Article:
By Young Workers Hub
I am 17 and working my first job. It’s not exciting, there’s a lot of sweeping of floors and stacking of dishes. But I am so proud of myself. I had spent two months straight out of high school walking around Brisbane handing out resumes. There’s a character reference from my English teacher: ‘Hirer her! She always shows up on time! (And can do a great critical analysis of Hamlet)’. I know jobs aren’t readily available and I’ve managed to snag one just in time for university starting. By the end of my first shift I already know how I’m going to spend my first pay check:
- Campus coffee!
- My best friend’s birthday
But it only takes a week before they start to exhibit the same deceitful, deceptive and dishonest behaviour I’ll come to receive from them over the next year. The wage deposited into my bank account is $50 short. I do what every 17-year-old does when faced with a problem – complain to mum. The conversation went something like this:
“Muuuuum. I’m pretty sure work has made a mistake – they’ve shorted me this week.”
“Well, just divide your hourly rate by hours worked.”
“I have! I swear they’ve made a mistake.”
“Okay, just look at your pay slip.”
A payslip. That piece of paper, that as a casual worker, I am legally required to be given. Proof of my wage, hours worked, and what pay I’ve earnt.
I’m not worried about asking for a pay slip at my next shift. Why should I be? It’s the law, standard business practice. They probably just forgot to do paperwork for the new kid! It is my boss’ reaction when I ask, that proves my naivety. There is an awkward pause, a frown and finally a “sure”. Is it shock that I see in his face? Oh yep, it’s definitely there. I feel like saying, “Why yes actually, I do know I’m owed a payslip. You can’t fool me!” (Thanks mum.) When he hands me the slip, I’m in shock too – my hourly rate on the play slip is $2 less than what I had been told during the job offer. Goodbye campus coffee, goodbye textbook.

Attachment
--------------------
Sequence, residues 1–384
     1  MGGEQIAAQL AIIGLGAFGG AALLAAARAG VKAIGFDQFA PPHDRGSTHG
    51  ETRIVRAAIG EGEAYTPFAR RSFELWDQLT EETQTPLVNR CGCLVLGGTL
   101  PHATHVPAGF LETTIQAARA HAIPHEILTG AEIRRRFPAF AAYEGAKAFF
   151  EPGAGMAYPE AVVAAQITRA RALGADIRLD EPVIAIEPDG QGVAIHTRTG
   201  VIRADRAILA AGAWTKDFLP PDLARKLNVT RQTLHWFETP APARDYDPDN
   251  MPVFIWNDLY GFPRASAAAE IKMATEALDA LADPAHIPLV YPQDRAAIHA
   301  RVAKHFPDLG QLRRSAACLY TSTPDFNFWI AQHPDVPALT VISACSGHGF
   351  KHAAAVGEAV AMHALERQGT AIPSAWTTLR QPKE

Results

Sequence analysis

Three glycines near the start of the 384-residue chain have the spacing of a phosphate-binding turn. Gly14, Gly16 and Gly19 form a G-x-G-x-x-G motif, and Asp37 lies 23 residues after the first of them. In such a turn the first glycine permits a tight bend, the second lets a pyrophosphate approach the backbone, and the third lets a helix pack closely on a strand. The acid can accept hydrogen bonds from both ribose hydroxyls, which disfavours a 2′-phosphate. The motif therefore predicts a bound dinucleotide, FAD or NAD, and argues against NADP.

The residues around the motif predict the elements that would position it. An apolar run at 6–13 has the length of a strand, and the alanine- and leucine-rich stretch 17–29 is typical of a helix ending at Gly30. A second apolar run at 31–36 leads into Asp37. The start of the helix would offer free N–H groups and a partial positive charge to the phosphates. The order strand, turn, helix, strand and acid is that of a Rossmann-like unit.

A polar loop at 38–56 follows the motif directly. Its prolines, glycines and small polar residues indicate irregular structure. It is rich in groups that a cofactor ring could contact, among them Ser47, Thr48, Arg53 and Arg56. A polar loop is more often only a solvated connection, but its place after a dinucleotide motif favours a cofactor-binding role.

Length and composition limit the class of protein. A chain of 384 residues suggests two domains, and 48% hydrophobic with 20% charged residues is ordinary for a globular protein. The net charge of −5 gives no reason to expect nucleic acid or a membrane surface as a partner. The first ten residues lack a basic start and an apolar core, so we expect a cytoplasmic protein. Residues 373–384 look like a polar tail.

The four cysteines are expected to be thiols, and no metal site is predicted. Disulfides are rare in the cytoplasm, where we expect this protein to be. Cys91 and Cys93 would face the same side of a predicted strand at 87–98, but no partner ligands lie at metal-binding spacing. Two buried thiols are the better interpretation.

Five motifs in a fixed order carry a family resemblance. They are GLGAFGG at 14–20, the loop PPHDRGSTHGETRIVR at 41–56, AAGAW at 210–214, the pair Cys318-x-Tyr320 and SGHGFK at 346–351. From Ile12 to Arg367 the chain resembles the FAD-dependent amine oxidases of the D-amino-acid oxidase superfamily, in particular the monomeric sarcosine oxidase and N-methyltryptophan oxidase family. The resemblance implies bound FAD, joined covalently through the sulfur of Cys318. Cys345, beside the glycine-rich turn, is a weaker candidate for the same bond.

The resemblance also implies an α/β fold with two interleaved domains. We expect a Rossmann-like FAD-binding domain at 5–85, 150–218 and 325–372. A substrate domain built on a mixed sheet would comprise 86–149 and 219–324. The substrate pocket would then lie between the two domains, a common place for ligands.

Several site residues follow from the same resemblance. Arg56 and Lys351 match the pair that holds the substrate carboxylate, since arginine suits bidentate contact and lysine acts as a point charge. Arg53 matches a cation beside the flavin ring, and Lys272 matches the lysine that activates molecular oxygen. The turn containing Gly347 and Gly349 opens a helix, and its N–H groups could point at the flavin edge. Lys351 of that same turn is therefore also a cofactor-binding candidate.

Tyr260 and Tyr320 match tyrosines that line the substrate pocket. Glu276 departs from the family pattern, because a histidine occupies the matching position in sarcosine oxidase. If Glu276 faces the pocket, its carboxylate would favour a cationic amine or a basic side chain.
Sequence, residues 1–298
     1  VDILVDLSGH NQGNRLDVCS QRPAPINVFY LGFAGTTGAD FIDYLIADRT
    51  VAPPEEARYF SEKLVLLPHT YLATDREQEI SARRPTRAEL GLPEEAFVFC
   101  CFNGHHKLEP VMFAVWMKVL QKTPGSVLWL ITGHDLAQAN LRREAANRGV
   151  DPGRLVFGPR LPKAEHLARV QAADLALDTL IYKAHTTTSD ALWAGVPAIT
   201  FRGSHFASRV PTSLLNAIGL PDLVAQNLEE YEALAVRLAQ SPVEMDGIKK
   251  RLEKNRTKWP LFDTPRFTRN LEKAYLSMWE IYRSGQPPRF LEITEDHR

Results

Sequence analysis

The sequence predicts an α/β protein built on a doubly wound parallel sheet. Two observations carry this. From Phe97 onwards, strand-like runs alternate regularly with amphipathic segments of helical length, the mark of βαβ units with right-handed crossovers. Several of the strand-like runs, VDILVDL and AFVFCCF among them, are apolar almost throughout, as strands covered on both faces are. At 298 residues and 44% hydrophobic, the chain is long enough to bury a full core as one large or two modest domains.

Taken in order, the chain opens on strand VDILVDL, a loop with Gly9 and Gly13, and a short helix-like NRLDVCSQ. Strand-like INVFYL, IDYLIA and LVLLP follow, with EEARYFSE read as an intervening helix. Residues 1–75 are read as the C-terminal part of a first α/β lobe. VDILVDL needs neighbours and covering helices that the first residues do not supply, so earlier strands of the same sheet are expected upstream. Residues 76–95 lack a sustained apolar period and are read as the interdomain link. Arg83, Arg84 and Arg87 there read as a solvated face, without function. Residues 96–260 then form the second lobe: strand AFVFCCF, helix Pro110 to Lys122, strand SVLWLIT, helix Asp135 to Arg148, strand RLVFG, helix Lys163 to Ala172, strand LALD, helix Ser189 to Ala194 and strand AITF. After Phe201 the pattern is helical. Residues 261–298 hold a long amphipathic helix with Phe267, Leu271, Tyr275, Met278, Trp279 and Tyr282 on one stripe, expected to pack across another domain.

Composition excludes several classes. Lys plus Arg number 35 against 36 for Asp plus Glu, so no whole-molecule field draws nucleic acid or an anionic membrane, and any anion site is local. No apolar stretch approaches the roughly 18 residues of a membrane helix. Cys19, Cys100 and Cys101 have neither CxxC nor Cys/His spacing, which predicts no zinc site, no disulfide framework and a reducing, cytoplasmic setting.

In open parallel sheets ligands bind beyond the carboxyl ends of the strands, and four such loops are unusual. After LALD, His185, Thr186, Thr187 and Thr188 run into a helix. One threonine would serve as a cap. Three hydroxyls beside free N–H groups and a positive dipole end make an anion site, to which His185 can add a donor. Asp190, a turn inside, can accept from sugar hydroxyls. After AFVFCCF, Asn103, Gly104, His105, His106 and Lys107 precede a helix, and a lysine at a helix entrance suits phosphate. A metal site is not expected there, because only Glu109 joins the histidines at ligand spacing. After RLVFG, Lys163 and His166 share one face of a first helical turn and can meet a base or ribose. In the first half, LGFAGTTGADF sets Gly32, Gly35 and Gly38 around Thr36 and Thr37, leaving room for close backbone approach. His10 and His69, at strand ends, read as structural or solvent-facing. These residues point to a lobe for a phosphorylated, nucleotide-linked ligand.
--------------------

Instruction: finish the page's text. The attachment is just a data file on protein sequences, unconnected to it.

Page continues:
Next payday, there is no payslip again. This week, I am worried about asking for one. I am only two weeks into my job and I don’t want to be labelled as difficult. This time when I ask the pause is longer, the frown deeper.
My best friend tells me about how she stopped getting shifts at work. She turned 18 two weeks ago. Her cousin’s been looking for part-time work for three months. I don’t ask for my payslip next week.
By the end of my year working there I will have had my wage changed on me multiple times, without any notice or consultation. I’ll have had my co-workers tell me they get paid in cash. And I won’t have received another pay slip again. This is when you know – these acts weren’t innocent mistakes but calculated decisions. To steal, lie, and intimidate their employees just to save money on wages.
Unfortunately, I know I am not alone in this experience. Wage theft has become a rite of passage for young people in Queensland. It has been through the Young Workers Hub, a youth organisation fighting to criminalise wage theft, I have been able to share my story. Employers will continue to exploit young people; they’ve gotten away with it for far too long to stop. So, we will continue to educate young workers on their rights at work and empower them to recover their wages.
If you have experienced wage theft, please contact the Young Workers Hub.